Altravax won two research grants totaling $3.45 million from the NIH’s National Institute of Allergy and Infectious Diseases (NIAID) toward research on antibody-inducing vaccines for HIV-1.
Altravax says it will create vaccines designed to protect broadly against various strains of HIV-1, using its MolecularBreeding™ directed evolution technology licensed from Maxygen. MolecularBreeding consists of an in vitro homologous DNA recombination process or “DNA Shuffling” to create libraries of chimeric genes expressing variant proteins, plus screening technologies that include assays to rapidly identify immunogens best suited for a specific vaccine.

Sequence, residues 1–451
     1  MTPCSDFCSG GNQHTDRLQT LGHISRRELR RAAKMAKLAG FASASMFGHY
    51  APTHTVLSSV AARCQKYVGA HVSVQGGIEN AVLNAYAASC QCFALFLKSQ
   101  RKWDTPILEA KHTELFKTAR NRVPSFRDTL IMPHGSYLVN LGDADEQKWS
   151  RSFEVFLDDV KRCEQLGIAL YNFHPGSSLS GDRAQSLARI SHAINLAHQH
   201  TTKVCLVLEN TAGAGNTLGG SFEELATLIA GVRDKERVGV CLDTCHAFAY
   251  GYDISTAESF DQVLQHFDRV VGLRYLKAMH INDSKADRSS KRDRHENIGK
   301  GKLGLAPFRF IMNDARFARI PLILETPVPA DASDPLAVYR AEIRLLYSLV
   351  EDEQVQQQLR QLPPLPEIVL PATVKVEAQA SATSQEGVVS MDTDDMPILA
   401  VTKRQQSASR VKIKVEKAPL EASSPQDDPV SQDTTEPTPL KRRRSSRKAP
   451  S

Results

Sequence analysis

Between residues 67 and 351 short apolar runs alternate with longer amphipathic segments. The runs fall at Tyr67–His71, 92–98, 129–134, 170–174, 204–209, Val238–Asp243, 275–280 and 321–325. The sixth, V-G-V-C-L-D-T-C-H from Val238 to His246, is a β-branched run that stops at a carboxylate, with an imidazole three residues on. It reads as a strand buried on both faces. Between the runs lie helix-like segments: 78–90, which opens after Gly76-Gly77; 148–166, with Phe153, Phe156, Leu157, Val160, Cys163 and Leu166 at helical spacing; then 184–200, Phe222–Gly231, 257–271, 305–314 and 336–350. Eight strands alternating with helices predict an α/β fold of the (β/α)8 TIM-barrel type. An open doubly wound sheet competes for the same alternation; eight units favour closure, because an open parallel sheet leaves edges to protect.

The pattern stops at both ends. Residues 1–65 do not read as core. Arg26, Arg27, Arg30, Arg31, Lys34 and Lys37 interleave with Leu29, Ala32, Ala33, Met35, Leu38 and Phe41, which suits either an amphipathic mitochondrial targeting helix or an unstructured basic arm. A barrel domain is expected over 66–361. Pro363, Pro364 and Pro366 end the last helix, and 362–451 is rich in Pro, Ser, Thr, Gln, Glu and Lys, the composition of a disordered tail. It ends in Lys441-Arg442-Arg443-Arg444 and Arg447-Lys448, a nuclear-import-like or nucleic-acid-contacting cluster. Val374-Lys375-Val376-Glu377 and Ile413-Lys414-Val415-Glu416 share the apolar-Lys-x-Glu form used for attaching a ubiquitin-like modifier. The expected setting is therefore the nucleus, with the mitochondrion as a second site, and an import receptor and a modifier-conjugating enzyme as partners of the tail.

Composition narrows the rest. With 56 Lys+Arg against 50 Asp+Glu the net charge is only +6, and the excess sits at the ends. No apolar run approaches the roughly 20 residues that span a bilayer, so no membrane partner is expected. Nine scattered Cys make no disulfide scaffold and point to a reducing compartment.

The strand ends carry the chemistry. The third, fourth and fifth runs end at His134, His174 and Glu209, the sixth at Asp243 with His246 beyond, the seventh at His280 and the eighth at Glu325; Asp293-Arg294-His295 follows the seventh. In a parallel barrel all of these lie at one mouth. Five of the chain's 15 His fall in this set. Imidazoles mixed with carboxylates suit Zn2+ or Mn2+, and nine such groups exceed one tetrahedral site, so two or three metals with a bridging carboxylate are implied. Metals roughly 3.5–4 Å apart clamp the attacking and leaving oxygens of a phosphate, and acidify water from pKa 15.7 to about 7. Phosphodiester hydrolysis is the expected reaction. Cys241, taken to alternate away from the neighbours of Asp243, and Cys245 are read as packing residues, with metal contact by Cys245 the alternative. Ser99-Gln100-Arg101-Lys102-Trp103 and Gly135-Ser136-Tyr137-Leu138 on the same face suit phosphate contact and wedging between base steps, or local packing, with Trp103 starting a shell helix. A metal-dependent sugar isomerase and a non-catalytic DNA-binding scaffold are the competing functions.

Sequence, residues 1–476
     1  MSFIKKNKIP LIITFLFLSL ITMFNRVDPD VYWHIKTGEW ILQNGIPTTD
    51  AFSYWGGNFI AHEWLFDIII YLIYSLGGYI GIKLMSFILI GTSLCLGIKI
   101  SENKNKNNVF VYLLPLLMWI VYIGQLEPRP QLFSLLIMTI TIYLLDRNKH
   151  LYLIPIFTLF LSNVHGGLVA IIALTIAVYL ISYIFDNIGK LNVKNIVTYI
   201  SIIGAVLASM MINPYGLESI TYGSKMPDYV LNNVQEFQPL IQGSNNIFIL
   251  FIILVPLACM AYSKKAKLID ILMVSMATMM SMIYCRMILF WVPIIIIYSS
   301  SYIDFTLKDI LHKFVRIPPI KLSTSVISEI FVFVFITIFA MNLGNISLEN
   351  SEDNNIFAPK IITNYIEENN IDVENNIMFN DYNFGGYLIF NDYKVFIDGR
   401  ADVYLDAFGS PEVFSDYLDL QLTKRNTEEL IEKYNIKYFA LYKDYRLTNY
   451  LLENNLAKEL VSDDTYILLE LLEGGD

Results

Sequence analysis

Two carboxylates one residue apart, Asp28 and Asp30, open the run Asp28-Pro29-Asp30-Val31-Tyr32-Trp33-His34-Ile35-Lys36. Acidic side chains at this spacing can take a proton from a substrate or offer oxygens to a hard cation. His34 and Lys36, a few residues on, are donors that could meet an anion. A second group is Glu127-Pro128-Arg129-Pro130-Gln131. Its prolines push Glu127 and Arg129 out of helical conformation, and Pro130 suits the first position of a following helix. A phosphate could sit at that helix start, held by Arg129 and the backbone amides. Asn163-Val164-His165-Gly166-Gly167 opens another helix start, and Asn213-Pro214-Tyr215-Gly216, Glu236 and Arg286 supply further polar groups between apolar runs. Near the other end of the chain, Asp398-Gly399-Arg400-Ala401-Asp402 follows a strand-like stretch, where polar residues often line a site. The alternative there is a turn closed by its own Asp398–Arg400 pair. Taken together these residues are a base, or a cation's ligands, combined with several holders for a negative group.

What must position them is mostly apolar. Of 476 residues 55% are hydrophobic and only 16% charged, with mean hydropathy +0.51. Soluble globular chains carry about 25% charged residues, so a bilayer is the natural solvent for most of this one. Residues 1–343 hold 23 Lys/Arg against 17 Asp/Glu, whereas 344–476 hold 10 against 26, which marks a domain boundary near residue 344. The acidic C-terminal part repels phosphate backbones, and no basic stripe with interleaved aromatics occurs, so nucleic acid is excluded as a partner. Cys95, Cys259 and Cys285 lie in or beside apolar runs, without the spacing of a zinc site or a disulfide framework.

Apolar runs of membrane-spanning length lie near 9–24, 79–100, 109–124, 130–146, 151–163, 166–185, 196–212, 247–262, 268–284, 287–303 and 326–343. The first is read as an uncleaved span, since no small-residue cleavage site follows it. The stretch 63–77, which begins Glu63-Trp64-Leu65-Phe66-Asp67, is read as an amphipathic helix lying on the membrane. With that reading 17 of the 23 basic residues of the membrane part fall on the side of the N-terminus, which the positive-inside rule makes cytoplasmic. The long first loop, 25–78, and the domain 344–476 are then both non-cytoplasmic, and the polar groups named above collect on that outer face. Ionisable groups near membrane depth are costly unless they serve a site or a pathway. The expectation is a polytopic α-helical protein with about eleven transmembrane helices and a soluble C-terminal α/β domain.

“Our proposal to create vaccines that can more effectively stimulate the immune system represents a novel approach, and the recent award of these two grants will allow us to thoroughly explore this possibility,” says Robert Whalen, D.Sc., chief scientific officer at Altravax. “The current lack of viable vaccine candidates limits the ability of biotechnology companies to invest in HIV vaccine research with their own funds.”
PLoS ONE will soon publish Altravax’ latest research on vaccines for HIV/AIDS, performed by Kristin Narayan, Ph.D., and colleagues from the company in collaboration with The Scripps Research Institute.
In 2010, NIAID awarded Altravax two Small Business Innovation Research grants totaling $1.2 million for earlier HIV-1 antibody-inducing vaccine research using MolecularBreeding.